Between all these energetic colours is a moment of calm. The orchard, recently restored after the effects of time, and storms had taken their toll, was quiet and peaceful. Young fruit trees are accompanied by older twisted specimens, their branches adorned with ripening fruit and bracelets of mistletoe. A sea of long golden grasses shifts below, tall enough to allow tassel seed heads to be winnowed by lazy fingers. 

A bench provides an opportunity to rest and reflect, and enjoy the atmosphere. Butterflies flit along the mown paths, leading you back to the colourful world of the flower borders, the stalls and of course the house.

There is a tradition at Parham, of fresh flower arrangements in each and every room open to the public. 
All these flowers come from the gardens, which are managed organically with plants chosen to provide the most colour, structure, scent or character that a flower can, a system led by Head Gardener Tom Brown. 

Each arrangement is beautiful; full and varied, with care taken to ensure the colour scheme perfectly fits the display’s location. By bringing a little of the garden inside the house, each room is filled with life and scent, and linked back to the view through the window. 

It was these window-views that most caught my eye, as each window was large and let sunlight stream into the room. 
Beyond was a quintessentially English landscape, each angle offering a picturesque satisfaction to the eye. 

(Speaking of eyes, I could not help but notice that each portrait appeared to have perfected the art of letting its gaze follow you around the room. I suppose after years of hanging around they’ve had plenty of time to practice!)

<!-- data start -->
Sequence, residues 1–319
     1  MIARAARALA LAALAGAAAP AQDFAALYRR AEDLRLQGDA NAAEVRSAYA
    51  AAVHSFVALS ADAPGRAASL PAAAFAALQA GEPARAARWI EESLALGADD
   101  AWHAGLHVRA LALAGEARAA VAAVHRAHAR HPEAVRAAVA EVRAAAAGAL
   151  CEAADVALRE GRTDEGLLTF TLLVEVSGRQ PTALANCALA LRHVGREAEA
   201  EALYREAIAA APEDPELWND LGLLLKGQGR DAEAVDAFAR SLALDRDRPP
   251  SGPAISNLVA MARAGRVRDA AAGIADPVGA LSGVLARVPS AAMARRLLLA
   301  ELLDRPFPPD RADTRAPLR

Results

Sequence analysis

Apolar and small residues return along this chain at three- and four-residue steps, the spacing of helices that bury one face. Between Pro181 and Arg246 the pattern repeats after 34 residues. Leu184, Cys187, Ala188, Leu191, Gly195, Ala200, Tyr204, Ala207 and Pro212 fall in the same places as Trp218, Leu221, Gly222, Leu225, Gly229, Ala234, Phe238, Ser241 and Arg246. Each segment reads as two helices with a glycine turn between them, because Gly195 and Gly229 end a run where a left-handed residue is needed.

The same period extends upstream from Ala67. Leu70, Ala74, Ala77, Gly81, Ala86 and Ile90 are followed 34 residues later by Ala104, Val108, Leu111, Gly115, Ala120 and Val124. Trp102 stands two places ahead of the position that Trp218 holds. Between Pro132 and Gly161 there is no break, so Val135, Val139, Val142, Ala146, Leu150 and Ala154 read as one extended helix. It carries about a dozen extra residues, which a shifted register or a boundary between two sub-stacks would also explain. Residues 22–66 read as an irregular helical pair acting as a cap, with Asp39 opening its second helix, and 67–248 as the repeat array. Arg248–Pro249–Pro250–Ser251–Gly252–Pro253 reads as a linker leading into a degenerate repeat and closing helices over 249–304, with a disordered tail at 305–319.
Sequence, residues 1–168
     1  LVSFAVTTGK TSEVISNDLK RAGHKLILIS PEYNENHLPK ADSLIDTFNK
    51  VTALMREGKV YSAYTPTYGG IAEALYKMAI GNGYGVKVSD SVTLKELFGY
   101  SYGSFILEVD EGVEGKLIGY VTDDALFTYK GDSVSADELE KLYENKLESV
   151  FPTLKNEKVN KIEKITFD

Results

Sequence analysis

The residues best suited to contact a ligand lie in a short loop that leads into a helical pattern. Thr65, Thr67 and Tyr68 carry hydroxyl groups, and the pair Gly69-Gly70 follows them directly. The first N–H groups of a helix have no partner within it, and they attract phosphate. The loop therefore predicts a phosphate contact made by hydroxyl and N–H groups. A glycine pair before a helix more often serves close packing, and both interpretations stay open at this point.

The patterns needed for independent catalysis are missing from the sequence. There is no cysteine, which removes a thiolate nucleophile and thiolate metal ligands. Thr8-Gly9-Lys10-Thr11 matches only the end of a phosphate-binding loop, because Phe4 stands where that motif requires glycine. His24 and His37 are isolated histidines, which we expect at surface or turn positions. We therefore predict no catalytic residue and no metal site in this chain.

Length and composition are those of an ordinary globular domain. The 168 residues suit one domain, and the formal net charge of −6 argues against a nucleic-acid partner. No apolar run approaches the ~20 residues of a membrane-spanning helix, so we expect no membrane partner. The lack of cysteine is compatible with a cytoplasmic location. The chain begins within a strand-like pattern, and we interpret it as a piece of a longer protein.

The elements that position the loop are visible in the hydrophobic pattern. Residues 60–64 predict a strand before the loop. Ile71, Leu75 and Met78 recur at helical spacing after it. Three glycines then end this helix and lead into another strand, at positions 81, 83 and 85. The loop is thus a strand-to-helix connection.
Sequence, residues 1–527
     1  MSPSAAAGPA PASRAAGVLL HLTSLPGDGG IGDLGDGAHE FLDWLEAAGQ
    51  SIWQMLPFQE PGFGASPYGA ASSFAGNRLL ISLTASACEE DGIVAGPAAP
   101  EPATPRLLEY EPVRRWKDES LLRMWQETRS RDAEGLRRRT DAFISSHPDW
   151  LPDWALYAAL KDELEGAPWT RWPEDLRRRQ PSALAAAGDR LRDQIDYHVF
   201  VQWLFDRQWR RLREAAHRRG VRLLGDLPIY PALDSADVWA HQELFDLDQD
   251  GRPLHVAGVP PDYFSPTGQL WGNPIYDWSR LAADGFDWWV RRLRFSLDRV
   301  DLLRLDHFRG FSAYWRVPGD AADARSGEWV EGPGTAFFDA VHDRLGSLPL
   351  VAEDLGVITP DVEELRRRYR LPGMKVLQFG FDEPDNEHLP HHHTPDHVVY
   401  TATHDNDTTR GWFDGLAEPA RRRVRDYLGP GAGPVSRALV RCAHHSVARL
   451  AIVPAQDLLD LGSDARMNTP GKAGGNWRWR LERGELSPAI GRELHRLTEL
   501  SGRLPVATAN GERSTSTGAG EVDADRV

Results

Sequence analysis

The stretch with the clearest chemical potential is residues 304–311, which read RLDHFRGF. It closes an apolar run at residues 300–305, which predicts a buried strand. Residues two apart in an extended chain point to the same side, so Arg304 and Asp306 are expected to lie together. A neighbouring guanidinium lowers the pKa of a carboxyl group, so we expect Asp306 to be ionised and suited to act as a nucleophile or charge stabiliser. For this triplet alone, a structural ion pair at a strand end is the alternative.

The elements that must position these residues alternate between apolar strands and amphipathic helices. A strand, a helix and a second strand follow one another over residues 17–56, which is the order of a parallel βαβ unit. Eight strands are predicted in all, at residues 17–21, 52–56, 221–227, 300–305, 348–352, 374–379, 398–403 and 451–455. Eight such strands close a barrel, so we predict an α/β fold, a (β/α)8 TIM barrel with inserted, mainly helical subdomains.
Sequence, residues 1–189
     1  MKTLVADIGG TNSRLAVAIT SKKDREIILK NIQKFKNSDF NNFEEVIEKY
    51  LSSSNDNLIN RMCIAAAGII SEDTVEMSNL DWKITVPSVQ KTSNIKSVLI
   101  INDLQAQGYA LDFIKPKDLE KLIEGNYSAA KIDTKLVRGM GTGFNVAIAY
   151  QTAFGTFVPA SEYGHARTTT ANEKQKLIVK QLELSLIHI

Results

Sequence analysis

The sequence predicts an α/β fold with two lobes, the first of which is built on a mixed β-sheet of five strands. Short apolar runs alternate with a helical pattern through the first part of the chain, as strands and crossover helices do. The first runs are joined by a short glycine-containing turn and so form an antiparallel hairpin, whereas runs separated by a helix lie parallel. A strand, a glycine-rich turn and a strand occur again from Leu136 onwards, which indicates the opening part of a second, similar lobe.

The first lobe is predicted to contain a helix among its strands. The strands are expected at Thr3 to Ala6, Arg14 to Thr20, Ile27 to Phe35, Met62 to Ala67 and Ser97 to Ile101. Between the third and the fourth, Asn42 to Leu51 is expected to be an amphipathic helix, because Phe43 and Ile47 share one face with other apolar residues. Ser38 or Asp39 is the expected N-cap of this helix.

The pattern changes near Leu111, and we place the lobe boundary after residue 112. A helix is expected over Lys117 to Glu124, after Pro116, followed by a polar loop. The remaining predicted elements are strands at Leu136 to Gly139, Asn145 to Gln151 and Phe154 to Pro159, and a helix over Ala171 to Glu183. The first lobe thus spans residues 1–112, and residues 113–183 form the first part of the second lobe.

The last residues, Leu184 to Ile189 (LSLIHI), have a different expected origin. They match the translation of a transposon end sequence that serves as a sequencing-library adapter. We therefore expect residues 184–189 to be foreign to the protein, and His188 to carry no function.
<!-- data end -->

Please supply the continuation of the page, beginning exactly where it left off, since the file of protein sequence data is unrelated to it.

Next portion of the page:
Back outside in the sunshine, I was able to meet and chat with Lady Emma Barnard who lives at Parham with her family. It was Lady Emma’s Great-Grandparents who first opened the house to the public in 1948. As one of the first private houses to open its doors, this was a brave and pioneering move by the Pearson family, one considered at very least ‘odd’ by many of their peers. Lady Emma explained how her Great Grandparents had fallen in love with the place and brought it, not to gain the prestige of owning an estate, but simply because it made them happy.  The main drive behind the public opening, was a desire to share what they loved with other people, and that spirit continues today at Parham, through the efforts of Lady Emma. Wherever you go in the gardens, or in the house, it feels like a family home. Parham has a unique charm, partly due to being lived in and not a museum, partly to its timelessness, but mostly due to the feeling that a lot of love has been poured into every corner, petal and stone over the years. It is a happy place; not a place that makes you feel happy, but is happy.

As I left, the event was still bustling. I never made it to the tiny church to the south of the house, or to gaze over the lake in the pleasure grounds. I heard that on Sundays cricket matches play out on the pitch in the meadowland beyond the house. I get the impression that with these few hot summer hours, I may have only scratched the surface of what this House, Gardens and wider estate has to offer. A slow, long winding drive through the parkland prepared me to re-emerge into the outside world again, but I think perhaps I will carry a little of the Parham spirit with me. Until the next time I turn into that white gateway and follow the winding driveway down the hill, into one of the best-kept secrets of West Sussex.

Tom Brown (left), Joe Swift (Right Centre) and Lady Emma Barnard (right) with myself

To find out more about this quintessential English country house and its history, 
visit the Parham House and Garden website:
Parham House and Gardens is open to the public: every Sunday & Bank Holiday Monday in April and October, and from May to September on Wednesday, Thursday, Friday, Sunday and Bank Holidays.
You can now even keep up to date on social media: twitter @Parhaminsussex and

The next event is Sunday 17th August – Grow Your Own Festival